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Robert Service Way cleanup expected to start next week

Escarpment areas continue to be closed off as ground movement continues
Fences such as this one line a number of areas along the escarpment as it continues to see sloughing, tension cracks and movement. (Stephanie Waddell/Yukon News)

Work to reopen Robert Service Way is expected to begin next week as the city continues to monitor and has fenced off more areas near the base of the escarpment downtown.

During a May 19 update about the escarpment situation, Tracy Allen, the City of Whitehorse’s director of operations, outlined plans for crews to begin cleanup and installation of a sheet pile wall, estimating the clean up to take about a day and the installation of the wall to be another week to 10 days.

“And then we will be looking at reopening Robert Service Way,” she said. “It may be opened at first with the assistance of traffic (officers) during rush hour, for example, just to ensure we don’t have bumper-to-bumper cars in the area, just to get us through to the end of June.”

She stressed the situation is continually being evaluated and reassessed as conditions change.

The road was closed April 30 after a landslide sent debris down the escarpment, across the roadway and onto Yukon River ice. The slide took out a light standard among other debris in its path. The road has remained shut as movement and tension cracks in the escarpment have continued to appear, though the plan for a sheet pile wall is aimed at stabilizing the area so the road can reopen.

Allen said when the debris is cleaned up, the soil will be taken to the city’s landfill, making room for the materials to build the sheet pile wall.

She noted her appreciation for the patience of commuters impacted by the road closure, which has caused significant congestion on Two Mile Hill as residents have altered their routes. The city has eliminated transit fares until July 1 in an effort to encourage people to use transit in order to ease traffic congestion.

While Allen acknowledged it is taking time for the city to get the area cleaned up, she explained she’s not comfortable sending city crews into an active area that may not be safe.

Mud seeps down from the escarpment into an area at Fifth Avenue and Rogers Street. A number of areas along the base of the escarpment have been closed off as the escarpment continues to shift. (Stephanie Waddell/Yukon News)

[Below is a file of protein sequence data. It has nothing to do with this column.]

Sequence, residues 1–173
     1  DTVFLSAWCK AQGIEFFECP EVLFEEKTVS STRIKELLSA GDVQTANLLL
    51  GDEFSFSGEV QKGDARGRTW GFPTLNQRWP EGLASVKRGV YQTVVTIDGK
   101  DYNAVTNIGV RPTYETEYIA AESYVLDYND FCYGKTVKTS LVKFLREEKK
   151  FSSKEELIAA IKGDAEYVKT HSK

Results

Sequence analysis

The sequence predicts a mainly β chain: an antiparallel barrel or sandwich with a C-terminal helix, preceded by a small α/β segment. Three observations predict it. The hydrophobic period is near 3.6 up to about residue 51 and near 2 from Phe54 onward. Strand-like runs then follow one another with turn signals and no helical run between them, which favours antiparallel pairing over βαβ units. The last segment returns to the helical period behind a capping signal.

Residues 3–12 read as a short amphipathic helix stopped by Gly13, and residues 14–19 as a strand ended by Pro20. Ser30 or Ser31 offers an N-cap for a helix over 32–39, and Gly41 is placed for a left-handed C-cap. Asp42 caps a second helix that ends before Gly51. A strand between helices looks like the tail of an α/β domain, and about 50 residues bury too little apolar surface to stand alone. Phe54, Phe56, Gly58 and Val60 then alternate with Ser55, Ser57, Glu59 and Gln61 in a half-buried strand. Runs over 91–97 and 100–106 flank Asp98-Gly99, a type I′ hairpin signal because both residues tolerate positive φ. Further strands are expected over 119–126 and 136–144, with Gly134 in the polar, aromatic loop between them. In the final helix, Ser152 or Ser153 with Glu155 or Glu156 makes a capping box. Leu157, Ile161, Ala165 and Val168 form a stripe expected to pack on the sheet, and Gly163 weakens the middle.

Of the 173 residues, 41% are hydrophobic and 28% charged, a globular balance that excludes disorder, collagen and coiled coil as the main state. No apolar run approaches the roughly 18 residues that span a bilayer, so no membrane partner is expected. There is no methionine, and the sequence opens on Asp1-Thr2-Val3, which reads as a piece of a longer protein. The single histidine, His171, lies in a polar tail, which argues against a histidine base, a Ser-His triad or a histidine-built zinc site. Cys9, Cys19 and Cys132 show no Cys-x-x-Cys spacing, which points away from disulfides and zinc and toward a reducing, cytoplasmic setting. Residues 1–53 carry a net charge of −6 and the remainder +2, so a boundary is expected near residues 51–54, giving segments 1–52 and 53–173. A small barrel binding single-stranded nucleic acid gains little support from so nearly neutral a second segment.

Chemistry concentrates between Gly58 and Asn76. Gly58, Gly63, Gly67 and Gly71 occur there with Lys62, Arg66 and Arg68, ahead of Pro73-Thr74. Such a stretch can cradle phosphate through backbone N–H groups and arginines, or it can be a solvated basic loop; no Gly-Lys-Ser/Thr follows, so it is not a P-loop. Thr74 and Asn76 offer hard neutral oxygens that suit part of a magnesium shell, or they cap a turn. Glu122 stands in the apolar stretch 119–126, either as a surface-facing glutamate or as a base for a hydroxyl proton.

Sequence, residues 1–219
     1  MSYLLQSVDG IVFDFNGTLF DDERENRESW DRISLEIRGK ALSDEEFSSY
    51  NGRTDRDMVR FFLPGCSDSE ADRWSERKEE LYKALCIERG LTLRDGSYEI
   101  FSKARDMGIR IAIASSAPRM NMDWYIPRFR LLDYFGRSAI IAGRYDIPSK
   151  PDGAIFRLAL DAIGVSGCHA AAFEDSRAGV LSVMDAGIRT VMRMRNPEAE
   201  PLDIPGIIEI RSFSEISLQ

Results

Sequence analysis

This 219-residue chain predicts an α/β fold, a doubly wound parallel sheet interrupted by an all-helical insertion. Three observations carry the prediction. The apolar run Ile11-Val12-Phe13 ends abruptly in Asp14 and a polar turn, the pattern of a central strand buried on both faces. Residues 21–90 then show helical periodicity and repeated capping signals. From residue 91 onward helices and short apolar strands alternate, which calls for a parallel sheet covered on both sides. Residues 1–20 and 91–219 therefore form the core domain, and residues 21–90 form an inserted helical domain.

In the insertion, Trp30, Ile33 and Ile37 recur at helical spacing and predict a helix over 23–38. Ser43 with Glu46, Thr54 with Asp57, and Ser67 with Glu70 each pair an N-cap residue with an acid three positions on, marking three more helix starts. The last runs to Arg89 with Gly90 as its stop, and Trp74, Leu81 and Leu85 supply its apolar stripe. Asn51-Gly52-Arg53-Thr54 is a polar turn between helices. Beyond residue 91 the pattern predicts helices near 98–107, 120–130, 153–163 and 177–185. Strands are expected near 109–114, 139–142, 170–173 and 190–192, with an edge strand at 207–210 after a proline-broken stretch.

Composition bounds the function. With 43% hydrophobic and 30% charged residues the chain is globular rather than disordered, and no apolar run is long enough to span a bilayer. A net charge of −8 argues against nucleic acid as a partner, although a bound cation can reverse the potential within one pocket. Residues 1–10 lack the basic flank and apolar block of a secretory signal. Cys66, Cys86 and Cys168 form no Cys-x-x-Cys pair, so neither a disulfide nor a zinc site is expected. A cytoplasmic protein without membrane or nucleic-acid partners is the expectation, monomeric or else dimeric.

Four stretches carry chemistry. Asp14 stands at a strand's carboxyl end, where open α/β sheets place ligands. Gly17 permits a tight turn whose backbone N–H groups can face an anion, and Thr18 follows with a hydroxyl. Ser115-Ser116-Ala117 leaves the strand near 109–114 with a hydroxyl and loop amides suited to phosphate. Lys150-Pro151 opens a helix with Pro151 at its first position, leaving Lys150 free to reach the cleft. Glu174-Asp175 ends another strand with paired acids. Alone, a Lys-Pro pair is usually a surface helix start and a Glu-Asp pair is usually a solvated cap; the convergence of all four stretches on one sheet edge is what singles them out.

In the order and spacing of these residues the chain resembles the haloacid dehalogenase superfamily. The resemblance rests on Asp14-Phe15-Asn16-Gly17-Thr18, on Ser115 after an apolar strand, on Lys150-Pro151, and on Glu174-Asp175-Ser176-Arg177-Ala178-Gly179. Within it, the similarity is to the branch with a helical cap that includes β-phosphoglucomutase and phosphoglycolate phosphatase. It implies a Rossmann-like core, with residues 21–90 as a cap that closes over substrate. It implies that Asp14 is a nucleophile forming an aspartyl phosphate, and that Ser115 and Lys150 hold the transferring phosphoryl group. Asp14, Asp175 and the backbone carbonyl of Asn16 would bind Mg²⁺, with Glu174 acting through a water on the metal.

Mud seeps down from the escarpment into an area at Fifth Avenue and Rogers Street. A number of areas along the base of the escarpment have been closed off as the escarpment continues to shift. (Stephanie Waddell/Yukon News)

The escarpment base downtown

As plans continue for the reopening of Robert Service Way, the city has also put in place more fencing along much of the base of the escarpment through downtown, given the continued movement and sloughing in parts of the clay cliffs.

“Now we’re seeing more activity further along the escarpment,” Mayor Laura Cabott told reporters, citing soil movements that range from 60 millimetres to 135 millimetres, seeping groundwater, sloughing and new and existing tension cracks.

“Those existing tension cracks are now growing in length and moving to a point where they’re about to rupture,” she said. “And then more slides occur.”

At times it appears some sections of the cliffs are drying up only to have that change within 24 hours with more sloughing and sliding, mud and water coming down the escarpment.

Geotechnical experts are continuing to measure movement and gather information to assess the ever-changing situation.

While the Black Street stairs have remained open and are currently deemed safe, areas along the east airport trail have been closed from Taylor Street to Hanson Street and in the Strickland Street area. Along with that, three area parks along the escarpment have been fenced off as well.

“Our technical experts say that we really probably have not seen the worst of the situation here, that it will continue to be active, that there will continue to be sloughing,” Cabott said. “We’ll probably see some more activity along the slope. So we will leave the fences up, the barriers up, continue to monitor it and if we need to put up more fencing then we will do that.”

A larger assessment of the entire escarpment is set to be done this year, with the last such study done in 2002.

Contact Stephanie Waddell at

Stephanie Waddell

About the Author: Stephanie Waddell

I joined Black Press in 2019 as a reporter for the Yukon News, becoming editor in February 2023.
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